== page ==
Canadian National Railway Company (NYSE: CNI)

Canadian National Railway Company  (CNR) is engaged in the rail and related transportation business. The company manages its rail operations in Canada and the United States. The company’s network of approximately 20,000 route miles spans Canada and mid-America, connecting three coasts: the Atlantic, the Pacific and the Gulf of Mexico. CNR’s network, and its co-production agreements, routing protocols, marketing alliances and interline agreements, provide CNR customer’s access to all three North American Free Trade Agreement nations. In August 2011, the Company sold IC RailMarine Terminal Company to Raven Energy, LLC. In March 2011, Metrolinx acquired CNR’s Kingston Subdivision rail line. Effective December 31, 2011, the company complete the merger of three of its the United States operating subsidiaries, which include Duluth, Missabe and Iron Range Railway Company, Duluth, Winnipeg and Pacific Railway Company, and Wisconsin Central Ltd.

To review Canadian National’s stock, please take a look at the 1-year chart of CNI (Canadian National Railway Company) below with my added notations:

CNI has created a couple of important price levels to watch. First, CNI has formed a clear $80 (navy) level that spans the entire duration of this chart. That $80 level was the stock’s 52-week high resistance before CNI broke above it. In addition, the stock has a previous, lower level of support (green) at $75. The stock currently appears to be pulling back to the breakout level of $80.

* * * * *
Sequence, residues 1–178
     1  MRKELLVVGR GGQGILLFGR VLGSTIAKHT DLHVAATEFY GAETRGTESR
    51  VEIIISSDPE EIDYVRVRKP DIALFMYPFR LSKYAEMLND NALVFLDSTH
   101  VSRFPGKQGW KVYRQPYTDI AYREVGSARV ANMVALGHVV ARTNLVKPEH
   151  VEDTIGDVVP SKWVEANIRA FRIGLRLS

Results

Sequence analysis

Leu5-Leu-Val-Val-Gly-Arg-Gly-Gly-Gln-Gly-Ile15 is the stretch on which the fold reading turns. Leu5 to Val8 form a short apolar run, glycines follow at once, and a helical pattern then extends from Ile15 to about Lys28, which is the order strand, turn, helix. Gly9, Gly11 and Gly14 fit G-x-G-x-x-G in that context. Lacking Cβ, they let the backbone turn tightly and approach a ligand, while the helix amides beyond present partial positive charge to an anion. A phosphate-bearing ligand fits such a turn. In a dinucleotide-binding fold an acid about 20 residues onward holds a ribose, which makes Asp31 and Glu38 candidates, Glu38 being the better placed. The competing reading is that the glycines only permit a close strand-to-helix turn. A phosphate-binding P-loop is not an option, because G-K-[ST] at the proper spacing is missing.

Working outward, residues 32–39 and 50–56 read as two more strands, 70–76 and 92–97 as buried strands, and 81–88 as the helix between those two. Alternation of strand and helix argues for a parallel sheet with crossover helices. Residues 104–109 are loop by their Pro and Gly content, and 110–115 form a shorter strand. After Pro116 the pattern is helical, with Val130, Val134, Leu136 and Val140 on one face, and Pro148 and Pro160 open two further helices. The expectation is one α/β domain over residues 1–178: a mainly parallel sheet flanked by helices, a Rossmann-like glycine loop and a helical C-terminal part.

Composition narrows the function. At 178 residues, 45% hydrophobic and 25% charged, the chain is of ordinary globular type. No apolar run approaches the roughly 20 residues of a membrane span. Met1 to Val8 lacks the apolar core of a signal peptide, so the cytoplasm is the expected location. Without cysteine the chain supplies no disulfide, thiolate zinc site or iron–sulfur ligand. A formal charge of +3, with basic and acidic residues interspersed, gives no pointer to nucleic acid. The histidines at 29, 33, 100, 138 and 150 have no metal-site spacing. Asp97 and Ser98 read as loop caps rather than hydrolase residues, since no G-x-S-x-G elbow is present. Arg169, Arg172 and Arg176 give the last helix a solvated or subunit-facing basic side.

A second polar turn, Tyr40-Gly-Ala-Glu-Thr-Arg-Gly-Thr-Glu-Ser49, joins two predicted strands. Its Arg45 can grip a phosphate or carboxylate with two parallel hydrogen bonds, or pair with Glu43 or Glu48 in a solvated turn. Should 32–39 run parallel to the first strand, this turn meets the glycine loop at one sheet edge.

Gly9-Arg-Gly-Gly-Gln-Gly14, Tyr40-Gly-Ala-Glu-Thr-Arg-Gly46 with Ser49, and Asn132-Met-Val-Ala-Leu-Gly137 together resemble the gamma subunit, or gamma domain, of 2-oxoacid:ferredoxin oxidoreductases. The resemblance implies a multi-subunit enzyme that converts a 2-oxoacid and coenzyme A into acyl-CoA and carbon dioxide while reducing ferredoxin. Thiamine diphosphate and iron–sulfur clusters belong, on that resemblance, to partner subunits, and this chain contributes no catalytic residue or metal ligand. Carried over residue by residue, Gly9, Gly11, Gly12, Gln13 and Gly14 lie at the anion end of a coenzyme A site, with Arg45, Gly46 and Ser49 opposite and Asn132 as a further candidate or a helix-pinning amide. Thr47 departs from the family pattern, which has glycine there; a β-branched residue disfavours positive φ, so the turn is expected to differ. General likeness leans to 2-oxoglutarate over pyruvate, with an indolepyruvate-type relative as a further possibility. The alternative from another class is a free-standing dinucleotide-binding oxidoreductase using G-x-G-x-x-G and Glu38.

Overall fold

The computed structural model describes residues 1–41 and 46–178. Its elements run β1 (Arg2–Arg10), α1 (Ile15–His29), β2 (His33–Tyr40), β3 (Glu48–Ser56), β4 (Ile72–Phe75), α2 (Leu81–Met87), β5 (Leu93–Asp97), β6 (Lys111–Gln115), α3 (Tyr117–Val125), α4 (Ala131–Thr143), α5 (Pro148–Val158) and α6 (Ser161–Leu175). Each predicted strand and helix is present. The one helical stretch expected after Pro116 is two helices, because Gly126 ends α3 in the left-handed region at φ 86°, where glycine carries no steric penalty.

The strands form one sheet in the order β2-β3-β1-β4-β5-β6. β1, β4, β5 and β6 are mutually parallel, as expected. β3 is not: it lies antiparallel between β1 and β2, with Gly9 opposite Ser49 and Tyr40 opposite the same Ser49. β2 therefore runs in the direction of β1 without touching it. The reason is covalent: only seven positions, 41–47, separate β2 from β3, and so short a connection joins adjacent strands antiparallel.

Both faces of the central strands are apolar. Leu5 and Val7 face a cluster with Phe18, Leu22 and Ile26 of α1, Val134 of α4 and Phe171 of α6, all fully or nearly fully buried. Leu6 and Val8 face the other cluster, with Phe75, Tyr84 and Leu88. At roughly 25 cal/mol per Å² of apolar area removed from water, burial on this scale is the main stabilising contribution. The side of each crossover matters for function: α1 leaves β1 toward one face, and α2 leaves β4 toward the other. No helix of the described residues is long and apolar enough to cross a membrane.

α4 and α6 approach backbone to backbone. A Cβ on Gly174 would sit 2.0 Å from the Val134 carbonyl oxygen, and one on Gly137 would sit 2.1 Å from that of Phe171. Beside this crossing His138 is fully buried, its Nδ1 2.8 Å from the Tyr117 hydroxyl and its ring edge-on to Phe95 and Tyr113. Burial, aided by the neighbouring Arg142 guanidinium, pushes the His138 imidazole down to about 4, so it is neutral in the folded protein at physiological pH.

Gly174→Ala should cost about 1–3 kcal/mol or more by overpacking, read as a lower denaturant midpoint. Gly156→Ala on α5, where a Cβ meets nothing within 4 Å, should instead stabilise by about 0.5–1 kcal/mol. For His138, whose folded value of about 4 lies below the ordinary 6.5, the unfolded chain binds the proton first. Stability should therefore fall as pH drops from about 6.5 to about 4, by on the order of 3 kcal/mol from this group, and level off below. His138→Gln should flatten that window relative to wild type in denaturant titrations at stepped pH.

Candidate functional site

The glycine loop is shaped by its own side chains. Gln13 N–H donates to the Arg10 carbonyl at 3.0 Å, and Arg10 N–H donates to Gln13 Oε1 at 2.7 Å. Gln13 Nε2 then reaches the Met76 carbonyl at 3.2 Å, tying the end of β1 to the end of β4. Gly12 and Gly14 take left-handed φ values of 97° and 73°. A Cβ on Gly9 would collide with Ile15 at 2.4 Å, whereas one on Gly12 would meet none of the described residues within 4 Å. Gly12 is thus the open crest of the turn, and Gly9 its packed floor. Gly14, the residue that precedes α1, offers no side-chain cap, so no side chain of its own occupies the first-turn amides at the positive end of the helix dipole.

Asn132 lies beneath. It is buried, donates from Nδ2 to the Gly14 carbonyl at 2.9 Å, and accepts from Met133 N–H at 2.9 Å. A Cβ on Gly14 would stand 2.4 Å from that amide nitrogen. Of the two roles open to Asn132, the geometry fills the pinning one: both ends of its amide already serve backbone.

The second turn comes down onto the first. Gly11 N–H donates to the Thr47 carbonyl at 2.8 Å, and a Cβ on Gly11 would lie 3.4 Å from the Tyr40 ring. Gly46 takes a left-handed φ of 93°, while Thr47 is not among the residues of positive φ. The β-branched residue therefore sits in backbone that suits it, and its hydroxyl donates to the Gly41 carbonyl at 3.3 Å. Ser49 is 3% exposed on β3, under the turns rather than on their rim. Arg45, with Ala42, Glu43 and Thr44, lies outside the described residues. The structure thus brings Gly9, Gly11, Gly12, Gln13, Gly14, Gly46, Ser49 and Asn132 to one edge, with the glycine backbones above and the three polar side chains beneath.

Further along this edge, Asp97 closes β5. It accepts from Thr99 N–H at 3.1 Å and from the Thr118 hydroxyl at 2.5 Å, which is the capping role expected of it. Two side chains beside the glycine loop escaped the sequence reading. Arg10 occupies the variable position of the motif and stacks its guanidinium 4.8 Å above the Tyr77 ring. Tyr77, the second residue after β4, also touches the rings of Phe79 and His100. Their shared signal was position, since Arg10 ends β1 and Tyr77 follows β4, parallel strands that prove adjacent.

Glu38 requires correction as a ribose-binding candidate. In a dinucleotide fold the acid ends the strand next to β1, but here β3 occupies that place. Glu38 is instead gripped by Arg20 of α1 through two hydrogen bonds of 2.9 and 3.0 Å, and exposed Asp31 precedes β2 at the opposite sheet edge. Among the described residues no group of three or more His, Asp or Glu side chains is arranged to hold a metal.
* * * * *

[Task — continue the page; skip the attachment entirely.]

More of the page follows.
The Tale of the Tape: CNI has a key level to watch at $80. A long trade could be made on a pullback to that support with a stop placed under it. A break below $80 would be an opportunity to enter a short trade in expectation of a fall back down to $75 where another long position could be entered.

Before making any trading decision, decide which side of the trade you believe gives you the highest probability of success. Do you prefer the short side of the market, long side, or do you want to be in the market at all? If you haven’t thought about it, review the overall indices themselves. For example, take a look at the S&P 500. Is it trending higher or lower? Has it recently broken through a key resistance or support level? Making these decisions ahead of time will help you decide which side of the trade you believe gives you the best opportunities.

No matter what your strategy or when you decide to enter, always remember to use protective stops and you’ll be around for the next trade.  Capital preservation is always key!

Good luck!

Christian Tharp, CMT